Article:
Mr S was not satisfied with this response nor the offer of compensation which he felt was completely inadequate following the catalogue of problems experienced – emails being ignored, telephone calls ringing out unanswered and contact numbers proving to be invalid. Without the information requested (including the discrepancy as to his fund value) he was unable to plan for retirement. Furthermore, Mr S’s anxiety levels and worry had escalated to a point where he genuinely thought he had fallen victim to a pension scam and that his savings were lost. He subsequently complained to the Pensions Ombudsman.

Ombudsman’s determination

The Ombudsman upheld the complaint, agreeing with the adjudicator’s opinion that Chartwell were guilty of maladministration. The Ombudsman referred to the following failures to provide documentation within prescribed timeframes:

  • as trustee of the Scheme, Chartwell has legal and fiduciary duties in respect of the Scheme and its members – in this case the duties were not properly adhered to;
  • the Occupational and Personal Pension Schemes (Disclosure of Information) Regulations 2013 place a statutory duty on trustees to provide certain information and documentation either routinely or upon request;
  • a summary funding statement must be sent to members at least annually. In this case Chartwell has been unable to demonstrate that such statements were sent to Mr S;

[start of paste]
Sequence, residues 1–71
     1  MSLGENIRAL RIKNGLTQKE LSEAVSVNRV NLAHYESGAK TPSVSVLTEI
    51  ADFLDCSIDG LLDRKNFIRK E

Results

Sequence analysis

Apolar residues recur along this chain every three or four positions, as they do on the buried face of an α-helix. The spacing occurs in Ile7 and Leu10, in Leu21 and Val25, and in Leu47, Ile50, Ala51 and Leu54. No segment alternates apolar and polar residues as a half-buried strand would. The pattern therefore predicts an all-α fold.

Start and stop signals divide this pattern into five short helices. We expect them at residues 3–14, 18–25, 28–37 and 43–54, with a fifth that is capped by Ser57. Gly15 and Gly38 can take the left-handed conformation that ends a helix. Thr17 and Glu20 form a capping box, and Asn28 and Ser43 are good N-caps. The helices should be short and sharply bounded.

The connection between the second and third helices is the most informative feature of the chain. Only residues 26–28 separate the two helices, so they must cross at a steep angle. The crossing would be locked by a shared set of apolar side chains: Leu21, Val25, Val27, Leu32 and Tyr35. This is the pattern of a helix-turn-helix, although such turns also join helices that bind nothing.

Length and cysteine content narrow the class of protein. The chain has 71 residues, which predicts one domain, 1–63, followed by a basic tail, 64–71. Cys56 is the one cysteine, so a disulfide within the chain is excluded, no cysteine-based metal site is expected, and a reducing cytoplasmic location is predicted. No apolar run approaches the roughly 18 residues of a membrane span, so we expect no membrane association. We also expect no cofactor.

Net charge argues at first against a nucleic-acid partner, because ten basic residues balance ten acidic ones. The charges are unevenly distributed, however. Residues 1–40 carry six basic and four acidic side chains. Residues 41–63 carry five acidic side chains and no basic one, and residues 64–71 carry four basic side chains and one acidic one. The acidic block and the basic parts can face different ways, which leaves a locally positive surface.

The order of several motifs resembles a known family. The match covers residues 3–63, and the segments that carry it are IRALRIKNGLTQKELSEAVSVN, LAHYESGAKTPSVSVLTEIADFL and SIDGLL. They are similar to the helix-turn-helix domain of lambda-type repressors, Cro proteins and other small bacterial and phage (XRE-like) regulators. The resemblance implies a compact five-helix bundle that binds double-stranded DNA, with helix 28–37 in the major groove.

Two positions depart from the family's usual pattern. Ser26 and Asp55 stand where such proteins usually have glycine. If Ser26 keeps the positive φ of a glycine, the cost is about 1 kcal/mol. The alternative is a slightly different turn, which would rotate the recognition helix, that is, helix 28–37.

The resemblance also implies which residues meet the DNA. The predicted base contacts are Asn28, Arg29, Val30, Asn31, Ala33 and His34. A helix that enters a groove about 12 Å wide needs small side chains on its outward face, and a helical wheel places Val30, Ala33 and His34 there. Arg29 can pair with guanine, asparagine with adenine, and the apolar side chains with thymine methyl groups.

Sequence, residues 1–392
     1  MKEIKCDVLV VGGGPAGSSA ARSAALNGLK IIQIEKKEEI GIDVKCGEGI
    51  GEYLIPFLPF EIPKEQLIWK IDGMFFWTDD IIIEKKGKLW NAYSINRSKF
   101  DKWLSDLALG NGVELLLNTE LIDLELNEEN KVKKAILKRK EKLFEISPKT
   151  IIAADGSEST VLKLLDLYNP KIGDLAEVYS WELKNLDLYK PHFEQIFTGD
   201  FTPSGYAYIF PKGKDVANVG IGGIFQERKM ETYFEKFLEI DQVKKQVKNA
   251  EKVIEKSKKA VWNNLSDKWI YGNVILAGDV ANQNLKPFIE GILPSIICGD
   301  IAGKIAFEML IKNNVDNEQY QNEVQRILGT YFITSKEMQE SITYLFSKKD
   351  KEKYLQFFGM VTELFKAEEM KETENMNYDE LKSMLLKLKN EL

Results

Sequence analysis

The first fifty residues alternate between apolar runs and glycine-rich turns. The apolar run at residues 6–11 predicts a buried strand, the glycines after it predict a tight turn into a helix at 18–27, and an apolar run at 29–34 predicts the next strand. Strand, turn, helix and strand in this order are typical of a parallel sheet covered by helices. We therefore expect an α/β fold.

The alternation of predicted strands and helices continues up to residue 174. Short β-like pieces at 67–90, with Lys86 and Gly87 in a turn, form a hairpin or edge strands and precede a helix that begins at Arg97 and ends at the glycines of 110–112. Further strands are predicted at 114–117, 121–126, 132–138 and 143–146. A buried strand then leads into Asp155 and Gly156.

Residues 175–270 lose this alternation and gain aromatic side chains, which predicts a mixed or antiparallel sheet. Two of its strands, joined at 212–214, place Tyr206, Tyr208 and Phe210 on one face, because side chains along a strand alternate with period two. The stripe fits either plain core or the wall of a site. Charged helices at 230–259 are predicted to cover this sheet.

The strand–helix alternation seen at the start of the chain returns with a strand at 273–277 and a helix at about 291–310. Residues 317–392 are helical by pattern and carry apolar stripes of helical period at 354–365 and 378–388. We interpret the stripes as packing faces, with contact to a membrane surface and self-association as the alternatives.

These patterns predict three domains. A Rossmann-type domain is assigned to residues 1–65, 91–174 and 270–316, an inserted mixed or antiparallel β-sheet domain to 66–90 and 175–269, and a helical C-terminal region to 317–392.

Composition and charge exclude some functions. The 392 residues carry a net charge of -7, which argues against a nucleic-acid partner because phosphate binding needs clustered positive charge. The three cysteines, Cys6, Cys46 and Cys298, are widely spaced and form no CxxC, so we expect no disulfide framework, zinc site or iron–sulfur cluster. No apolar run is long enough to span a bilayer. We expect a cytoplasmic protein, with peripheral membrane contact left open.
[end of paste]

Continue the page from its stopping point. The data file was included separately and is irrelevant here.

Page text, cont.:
• regulations require that where a member requests certain information, it must be provided within two months of the date of request; and
  • transfer values must be provided within three months of a request being made – whilst Mr S did not specifically request a transfer value, the Ombudsman did reiterate this point.

The Ombudsman also found that Chartwell failed to operate the IDRP in accordance with legislation, a further example of maladministration.

The Ombudsman concluded that Chartwell’s behaviour towards Mr S had been “extremely uncooperative for no relevant reason”. The catalogue of problems encountered by Mr S caused him “significant” distress and inconvenience and whilst Mr S had been unable to substantiate, with evidence, his claim that the apparently same individual identified himself with two different names, gave different business names, and contact addresses, the Ombudsman found Mr S to be a reliable witness. The Ombudsman’s concerns over Chartwell’s handling of the matter were further compounded by the adjudicator confirming similar difficulties in contacting and dealing with Chartwell.

The Ombudsman directed Chartwell to pay Mr S £2,000 for distress and inconvenience caused by its maladministration. Furthermore, Chartwell were ordered to provide Mr S with the information he requested within 14 days of the determination and to action a future transfer-out of the Scheme if Mr S so desires.

Wedlake Bell comment

In most cases, the Ombudsman’s redress for non-financial injustice ranges from £500 to £1,000. The severity of this case demonstrates the Ombudsman’s willingness to increase such awards where trustees and/or administrators fall short of complying with their fiduciary and statutory duties. Chartwell’s lack of cooperation with the Ombudsman was clearly an aggravating factor in the determination, however, one cannot lose sight of the fact that we now live in an environment where pension scams and fraudsters are making the authorities sit up and pay attention to suspicious or shoddy behaviour. This can only be a good thing for pension savers.

The determination also acts as a reminder that the Ombudsman’s directions are, if necessary, enforceable in the County Court.